By Catherine Wagley
By Catherine Wagley
By Wendy Gilmartin
By Jennifer Swann
By Claire de Dobay Rifelj
By L.A. Weekly critics
By Catherine Wagley
By Zachary Pincus-Roth
The Southwest Museum has sensational Navajo blankets. The quality and extent of the collection is staggering, and several of their pieces are the only ones of their type in existence. Many of these weavings were produced by cultures in states of extreme duress, and for me they represent the resilience of those cultures in a moving and beautiful way.
EDWARD NYGRENDIRECTOR OF ART COLLECTIONS, HUNTINGTON LIBRARY, ART COLLECTIONS AND BOTANICAL GARDENS
We have a J.M.W. Turner painting from the 1830s called The Grand Canal, Venice that's a breathtaking work by a master of landscape and atmospheric effect. It was recently cleaned by the Getty and was transformed; suddenly one saw that magnificent Venetian light that engaged so many artists over the centuries. There's a representation of Shylock in the lower right-hand corner that alludes to Shakespeare's The Merchant of Venice. Turner frequently added those kinds of details to his landscapes, and in a sense they transform the work into a kind of history painting.
The Getty has a Théodore Géricault from 1818-19 called Portrait Study that's just gorgeous. It's the head of a black man, and Gericault rendered it with such lusciousness in terms of the handling of the paint that it's simply unforgettable.
DORAN ROSSDIRECTOR, FOWLER MUSEUM OF CULTURAL HISTORY
We have a drum that's rich in meaning for me, because I knew the carver of the drum -- Osei Bonsu -- and went to the village of Abofo, Ghana, where it was made in 1935. As is often the case with works of this type, the entire surface of the body of the drum is in relief, with images relating to traditional proverbs and beliefs in Ashanti society. Bonsu was a carver to several Ashanti kings, but this isn't a royal drum; rather, it was made for use by people getting together to drum for their own entertainment.
The Getty has a work by Jan Brueghel the Elder from 1613 called The Entry of the Animals Into Noah's Ark that's just a sweet painting. It's not very large, and you can barely see the ark in the background, but the foreground of the piece depicts a rich assortment of animals, each wonderfully drawn and detailed. The Getty published a guide to this particular painting for children that's really charming. â
PAUL SCHIMMELCHIEF CURATOR, MOCA
We have a work in our collection that provided the foundation for all contemporary art, and that's No. 1, 1949 by Jackson Pollock. Pollock changed the very nature of what constitutes the production of a work of art; the process became the subject of work after Pollock, and how the artist worked became what you saw. He broke the ice for performance art, body work, idiosyncratic personal languages -- it all came after him, and 1949 is the year he broke through. No. 1 is the first painting where what he's painting and how he's painting it are inseparable, and there's nothing like this work on the West Coast.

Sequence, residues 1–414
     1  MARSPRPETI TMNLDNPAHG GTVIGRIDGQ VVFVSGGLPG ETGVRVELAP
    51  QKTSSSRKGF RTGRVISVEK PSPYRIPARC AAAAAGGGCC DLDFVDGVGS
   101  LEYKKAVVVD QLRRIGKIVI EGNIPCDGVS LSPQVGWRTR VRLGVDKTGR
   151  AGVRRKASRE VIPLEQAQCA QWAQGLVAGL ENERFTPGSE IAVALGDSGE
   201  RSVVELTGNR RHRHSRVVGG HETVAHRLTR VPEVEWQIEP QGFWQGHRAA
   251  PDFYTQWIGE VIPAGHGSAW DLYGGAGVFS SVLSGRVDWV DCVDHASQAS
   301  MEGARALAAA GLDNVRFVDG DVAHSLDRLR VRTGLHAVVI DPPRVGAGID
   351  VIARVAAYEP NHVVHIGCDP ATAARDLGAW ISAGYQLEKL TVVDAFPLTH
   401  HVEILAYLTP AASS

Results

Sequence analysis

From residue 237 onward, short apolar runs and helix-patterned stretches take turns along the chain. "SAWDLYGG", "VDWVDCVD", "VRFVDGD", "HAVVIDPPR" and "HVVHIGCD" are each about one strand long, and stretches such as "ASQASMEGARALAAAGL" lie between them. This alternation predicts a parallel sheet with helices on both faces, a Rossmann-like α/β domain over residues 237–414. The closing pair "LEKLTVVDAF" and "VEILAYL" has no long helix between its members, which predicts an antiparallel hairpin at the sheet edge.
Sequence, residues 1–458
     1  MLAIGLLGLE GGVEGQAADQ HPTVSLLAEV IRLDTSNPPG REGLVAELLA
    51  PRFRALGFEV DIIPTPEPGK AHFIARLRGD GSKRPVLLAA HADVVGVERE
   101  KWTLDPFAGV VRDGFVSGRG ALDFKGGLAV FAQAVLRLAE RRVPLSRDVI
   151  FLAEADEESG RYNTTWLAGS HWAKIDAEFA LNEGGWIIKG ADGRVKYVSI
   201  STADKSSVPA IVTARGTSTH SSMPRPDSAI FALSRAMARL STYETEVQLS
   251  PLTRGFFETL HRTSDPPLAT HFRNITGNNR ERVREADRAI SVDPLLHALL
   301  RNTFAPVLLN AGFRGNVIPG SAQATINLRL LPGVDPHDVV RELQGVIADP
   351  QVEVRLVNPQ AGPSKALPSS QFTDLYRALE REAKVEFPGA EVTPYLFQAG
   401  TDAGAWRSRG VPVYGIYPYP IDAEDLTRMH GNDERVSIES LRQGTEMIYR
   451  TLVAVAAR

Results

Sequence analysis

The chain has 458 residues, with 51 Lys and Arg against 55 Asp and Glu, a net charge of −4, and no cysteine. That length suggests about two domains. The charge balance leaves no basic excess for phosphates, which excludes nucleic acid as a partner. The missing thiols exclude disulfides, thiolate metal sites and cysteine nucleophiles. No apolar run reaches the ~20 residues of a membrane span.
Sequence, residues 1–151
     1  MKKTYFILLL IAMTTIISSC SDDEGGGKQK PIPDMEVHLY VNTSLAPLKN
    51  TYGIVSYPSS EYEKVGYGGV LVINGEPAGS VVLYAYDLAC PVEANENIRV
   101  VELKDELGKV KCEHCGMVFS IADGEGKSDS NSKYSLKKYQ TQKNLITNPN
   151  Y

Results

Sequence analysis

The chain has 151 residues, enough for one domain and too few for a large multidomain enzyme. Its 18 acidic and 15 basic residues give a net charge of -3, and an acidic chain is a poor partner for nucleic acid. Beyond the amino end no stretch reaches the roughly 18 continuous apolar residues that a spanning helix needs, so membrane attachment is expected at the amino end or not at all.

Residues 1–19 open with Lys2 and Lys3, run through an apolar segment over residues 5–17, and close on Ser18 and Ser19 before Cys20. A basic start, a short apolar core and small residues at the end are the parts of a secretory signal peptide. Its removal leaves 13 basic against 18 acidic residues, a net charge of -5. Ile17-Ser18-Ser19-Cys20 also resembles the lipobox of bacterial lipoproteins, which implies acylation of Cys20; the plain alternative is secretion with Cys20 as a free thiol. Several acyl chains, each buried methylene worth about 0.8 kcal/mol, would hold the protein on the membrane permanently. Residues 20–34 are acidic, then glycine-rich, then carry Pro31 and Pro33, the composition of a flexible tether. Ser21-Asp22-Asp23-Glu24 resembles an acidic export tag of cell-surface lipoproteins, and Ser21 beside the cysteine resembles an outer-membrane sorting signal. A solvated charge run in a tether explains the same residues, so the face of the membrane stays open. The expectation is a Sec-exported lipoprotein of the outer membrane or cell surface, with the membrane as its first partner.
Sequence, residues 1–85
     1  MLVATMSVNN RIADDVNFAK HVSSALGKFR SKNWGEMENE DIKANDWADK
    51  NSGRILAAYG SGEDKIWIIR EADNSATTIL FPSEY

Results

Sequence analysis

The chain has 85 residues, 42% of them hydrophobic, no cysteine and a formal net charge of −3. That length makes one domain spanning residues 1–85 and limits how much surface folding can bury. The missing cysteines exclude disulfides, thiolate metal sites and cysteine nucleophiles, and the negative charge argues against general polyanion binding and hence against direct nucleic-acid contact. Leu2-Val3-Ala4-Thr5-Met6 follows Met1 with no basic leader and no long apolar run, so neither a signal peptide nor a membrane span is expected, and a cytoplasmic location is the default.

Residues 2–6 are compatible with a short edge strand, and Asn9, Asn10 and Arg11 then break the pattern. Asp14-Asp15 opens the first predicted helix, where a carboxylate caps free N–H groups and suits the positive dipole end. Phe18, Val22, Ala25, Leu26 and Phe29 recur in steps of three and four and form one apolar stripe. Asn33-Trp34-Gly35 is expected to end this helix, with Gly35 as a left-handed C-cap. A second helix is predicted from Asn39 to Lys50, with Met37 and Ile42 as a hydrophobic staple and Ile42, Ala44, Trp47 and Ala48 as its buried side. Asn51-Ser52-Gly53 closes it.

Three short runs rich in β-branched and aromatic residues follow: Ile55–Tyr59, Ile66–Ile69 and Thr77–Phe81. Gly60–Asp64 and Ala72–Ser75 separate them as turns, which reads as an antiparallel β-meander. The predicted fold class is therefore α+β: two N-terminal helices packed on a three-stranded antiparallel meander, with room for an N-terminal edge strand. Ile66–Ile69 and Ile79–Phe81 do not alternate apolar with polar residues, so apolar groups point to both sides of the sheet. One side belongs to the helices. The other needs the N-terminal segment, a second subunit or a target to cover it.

The Norton Simon's The Coronation of the Virgin Altarpiece, by Guariento di Arpo, is a work of such complexity that you can sit in front of it for hours and never come to grips with it. It's a Gothic-style altarpiece from 1344, and, like the Pollock, it's a key work that introduced a radical change in Venetian painting of its period. It's also the epitome of what Norton Simon and great collecting are about. This isn't "school of," or a minor work by a major figure -- it's a singular masterpiece without equal. I recently looked at it with my 9-year-old son, and it was fascinating to try and reconcile contemporary culture with the narrative of this painting. The coronation of the Virgin, the Immaculate Conception -- what do these things mean to us today? It's a piece that raises questions that continue to be relevant, and that's what makes it ageless.
ROBERT SOBIEZSEKCURATORIAL CO-CHAIR AND CURATOR OF PHOTOGRAPHY, LACMA
Edgar Degas' The Bellelli Sisters, from 186264, was a key work in the shift that took place in portraiture as the 19th century gave way to Modernism, and to the greater understanding of human psychology that came in the 20th century. The way this affected portraiture is that artists began interpreting their sitters, as opposed to simply trying to depict them as realistically as possible. Qualities of uncertainty and fluidity began to appear in portraiture, and Degas handles all this beautifully in that painting.
The Museum of Jurassic Technology's Garden of Eden on Wheels is an exquisitely presented display of collectibles -- plates, pin cushions, tchotchkes -- acquired at a mobile-home park, that really made me laugh. I love that museum for the questions it raises in terms of what is art and how it's presented to a public. It's a phenomenal place and a real treasure, and I hope we can keep it here.
TYLER STALLINGSCURATOR OF EXHIBITIONS, LAGUNA BEACH ART MUSEUM
We have an incredible drawing by Jim Shaw called Dreams: Chris Wilder's Mom . . ., from a series he did in the mid-'90s. What I like about the series is that everything and everyone seem to be in his dreams all the time. It's a small piece done in pencil, and I like the tension created between the care taken in the rendering of the drawing, and the casual quality of an erasable medium like pencil.
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